Further, other ways of measuring the P/E ratio also show an expensive market. The Shiller Cyclically Adjusted P/E Ratio, which measures P/Es over a 10-year rolling period, is currently 27x versus a mean of 16.6x.

And P/E ratios are only one way of measuring valuation, and not necessarily the most useful. Other measures, which are equally if not more valid, show also show that today's market is extremely expensive. One such indicator is the price to sales ratio, which currently stands at 1.7x, below the Internet Bubble level of 2.1x but well above the 2007 level of 1.5x. Unlike earnings, companies can't phony-up sales with fancy accounting tricks, which is why many market pros look to this measure for guidance. And it looks like year-over-year sales for the S&P 500 may drop in 2015 for the first time since the financial crisis.

Another measure of stock market value, Tobin's Q Ratio, which weighs the value of the S&P 500 divided by the net worth of the assets on corporate balance sheets, is at its second highest level in history at 1.09x (it was at a preposterous 1.6x during the Internet Bubble).

Finally, the S&P Market Cap/GDP Ratio, which Warren Buffet told Fortune magazine "is probably the best single measure of where valuations stand in any given moment," stands at 1.27 compared to a mean of 0.65. At almost two times its mean, this ratio is screaming overvaluation.

So while the market may not be as bloated as it was during the Internet Bubble, it is still bloated. And ignoring the danger signs of excess can be very dangerous to your health – and that is exactly what investors are doing.

The Apple Effect on Markets

There is another phenomenon that is warping the market:  the Apple Effect. With a market capitalization of $750 billion, Apple, Inc. (Nasdaq: AAPL) is by far the largest company in the history of the stock market. It represents 10% of the Nasdaq Composite Index. But it is something more – it is a cultural and media phenomenon. In that role, it exercises an enormous psychological effect on the market that allows it to drag the entire Nasdaq with it when its stock rises. Part of this effect is real – the Apple ecosystem includes a lot of other companies that profit from Apple's success. But part of this effect is unquantifiable because of Apple's huge presence in the media.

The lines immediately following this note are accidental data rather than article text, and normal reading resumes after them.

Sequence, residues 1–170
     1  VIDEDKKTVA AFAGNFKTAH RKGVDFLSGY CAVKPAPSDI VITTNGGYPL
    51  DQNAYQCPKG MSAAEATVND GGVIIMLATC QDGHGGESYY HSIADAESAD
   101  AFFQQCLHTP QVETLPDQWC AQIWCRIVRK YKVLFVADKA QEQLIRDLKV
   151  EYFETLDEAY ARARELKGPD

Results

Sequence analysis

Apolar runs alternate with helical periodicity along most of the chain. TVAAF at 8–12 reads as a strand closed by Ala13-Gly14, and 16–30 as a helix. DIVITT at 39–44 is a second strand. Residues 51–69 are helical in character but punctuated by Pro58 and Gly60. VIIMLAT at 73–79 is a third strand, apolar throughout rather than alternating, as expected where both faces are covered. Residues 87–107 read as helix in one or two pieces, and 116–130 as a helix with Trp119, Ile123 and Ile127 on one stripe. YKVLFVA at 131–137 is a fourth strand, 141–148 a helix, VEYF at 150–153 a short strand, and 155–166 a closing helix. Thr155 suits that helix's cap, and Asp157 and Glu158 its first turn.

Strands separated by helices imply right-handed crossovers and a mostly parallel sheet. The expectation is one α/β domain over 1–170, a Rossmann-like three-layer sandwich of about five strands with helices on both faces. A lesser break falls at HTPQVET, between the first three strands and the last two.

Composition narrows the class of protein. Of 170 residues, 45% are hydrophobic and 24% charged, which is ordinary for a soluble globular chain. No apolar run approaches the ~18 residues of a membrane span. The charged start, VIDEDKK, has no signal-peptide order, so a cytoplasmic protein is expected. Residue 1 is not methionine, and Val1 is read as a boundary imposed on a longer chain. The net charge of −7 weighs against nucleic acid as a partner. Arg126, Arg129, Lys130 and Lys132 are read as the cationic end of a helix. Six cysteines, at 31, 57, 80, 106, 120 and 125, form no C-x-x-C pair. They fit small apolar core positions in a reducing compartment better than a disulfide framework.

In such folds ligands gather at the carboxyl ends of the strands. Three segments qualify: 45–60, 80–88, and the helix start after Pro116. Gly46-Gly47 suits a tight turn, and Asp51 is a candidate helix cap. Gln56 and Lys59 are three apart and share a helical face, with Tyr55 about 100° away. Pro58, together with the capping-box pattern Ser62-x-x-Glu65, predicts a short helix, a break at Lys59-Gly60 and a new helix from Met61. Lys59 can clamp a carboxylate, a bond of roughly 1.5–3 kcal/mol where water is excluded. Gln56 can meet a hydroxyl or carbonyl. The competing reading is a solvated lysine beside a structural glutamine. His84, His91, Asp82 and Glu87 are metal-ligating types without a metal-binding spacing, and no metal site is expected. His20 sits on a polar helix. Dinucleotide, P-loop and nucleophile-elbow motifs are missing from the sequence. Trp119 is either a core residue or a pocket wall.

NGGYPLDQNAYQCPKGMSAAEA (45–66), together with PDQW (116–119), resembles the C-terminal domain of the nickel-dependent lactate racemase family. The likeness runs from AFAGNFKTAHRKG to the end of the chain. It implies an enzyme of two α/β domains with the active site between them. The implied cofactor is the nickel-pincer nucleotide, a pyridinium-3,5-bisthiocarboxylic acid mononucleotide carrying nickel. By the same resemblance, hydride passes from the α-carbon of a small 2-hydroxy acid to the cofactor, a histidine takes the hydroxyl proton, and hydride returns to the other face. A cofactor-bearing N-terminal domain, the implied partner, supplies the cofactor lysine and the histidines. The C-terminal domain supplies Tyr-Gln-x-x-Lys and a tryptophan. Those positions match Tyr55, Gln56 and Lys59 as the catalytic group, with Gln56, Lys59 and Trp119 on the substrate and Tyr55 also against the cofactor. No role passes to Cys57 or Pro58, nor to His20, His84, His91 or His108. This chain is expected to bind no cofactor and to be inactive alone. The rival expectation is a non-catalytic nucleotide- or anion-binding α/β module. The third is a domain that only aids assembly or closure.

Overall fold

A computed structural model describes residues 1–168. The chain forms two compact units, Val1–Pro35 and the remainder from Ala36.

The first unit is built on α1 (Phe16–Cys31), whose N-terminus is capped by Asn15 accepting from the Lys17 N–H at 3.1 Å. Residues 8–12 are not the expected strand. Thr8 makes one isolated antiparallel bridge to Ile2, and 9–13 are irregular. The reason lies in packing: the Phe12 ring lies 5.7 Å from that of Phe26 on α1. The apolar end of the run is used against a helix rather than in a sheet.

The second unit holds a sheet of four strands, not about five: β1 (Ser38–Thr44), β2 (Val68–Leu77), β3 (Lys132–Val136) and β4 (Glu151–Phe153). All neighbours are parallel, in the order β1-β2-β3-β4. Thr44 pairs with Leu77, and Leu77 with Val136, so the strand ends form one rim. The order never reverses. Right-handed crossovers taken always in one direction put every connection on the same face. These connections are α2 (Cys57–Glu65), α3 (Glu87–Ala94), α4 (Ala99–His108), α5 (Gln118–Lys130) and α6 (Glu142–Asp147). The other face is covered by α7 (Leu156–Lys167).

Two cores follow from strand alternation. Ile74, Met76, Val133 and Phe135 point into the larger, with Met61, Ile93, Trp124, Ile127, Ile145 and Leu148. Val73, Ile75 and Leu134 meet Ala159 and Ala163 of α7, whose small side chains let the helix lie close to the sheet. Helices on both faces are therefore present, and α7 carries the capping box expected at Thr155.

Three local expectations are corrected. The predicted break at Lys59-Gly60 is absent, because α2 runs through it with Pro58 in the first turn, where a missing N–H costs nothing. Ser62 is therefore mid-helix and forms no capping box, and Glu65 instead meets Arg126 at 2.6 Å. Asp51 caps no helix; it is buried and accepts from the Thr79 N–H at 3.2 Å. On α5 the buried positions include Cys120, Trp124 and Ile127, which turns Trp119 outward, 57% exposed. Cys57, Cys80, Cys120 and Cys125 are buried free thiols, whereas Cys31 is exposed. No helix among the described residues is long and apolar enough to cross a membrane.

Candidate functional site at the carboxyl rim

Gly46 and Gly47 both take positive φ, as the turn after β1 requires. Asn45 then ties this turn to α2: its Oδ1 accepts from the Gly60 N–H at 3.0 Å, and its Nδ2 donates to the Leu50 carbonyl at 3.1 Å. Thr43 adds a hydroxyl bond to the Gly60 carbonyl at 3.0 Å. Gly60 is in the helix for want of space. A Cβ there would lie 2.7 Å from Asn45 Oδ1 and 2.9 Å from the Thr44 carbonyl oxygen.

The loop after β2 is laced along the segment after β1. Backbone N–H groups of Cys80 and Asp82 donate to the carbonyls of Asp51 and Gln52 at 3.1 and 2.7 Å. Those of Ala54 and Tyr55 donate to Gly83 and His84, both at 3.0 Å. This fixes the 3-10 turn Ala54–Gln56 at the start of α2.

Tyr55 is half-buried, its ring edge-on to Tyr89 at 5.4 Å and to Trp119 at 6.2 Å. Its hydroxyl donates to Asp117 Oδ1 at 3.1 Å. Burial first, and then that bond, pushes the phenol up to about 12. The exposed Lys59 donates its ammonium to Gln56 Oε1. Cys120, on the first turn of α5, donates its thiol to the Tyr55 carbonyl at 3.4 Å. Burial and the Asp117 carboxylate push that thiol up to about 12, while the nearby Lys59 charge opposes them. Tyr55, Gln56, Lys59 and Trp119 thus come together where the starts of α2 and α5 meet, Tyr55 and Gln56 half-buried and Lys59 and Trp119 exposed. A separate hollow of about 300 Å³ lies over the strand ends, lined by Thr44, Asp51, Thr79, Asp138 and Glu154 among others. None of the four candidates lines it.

Unlike any other company in the history of the stock market, Apple possesses enormous mind share in the financial, media and technology worlds and emits a force field that is almost impossible to measure. Apple stock has risen by 70% over the last 12 months and by 16% year-to-date and is exercising an enormous gravitational pull on the overall market, not just the Nasdaq. We have never seen a company as large as Apple, as cool as Apple, and grow revenues and profits at the highest rate in the history of business. While Apple is still rising, it may be very difficult for the market to go down. But it is going to be an enormous challenge for Apple to maintain its growth rate at its current size. If the Apple effect fades, the market could pay a big price.

The Numbers and the Takeaway

For the moment, however, there are few signs that stocks will retreat in the near future. Last week, the Dow Jones Industrial Average paused from its incessant rally, dropping 7 points or close at 18,132.70 while the S&P 500 shed 0.3% or 6 points to end the week at 2104.50.

The Nasdaq Composite Index added 8 points in its desperate attempt to reclaim its Internet Bubble peak, finishing at 4963.53. Stock markets outside the U.S. fared much better with the MSCI World Index gaining 1% for the week and enjoying a 5% year-to-date.

Of course, these gains are due primarily to excitement over currency gains in Europe and Japan rather than to any great economic news abroad.

But investors will take what they can get; they are rewarded for making money, not for endorsing wise economic policies.

Source :

Money Morning/The Money Map Report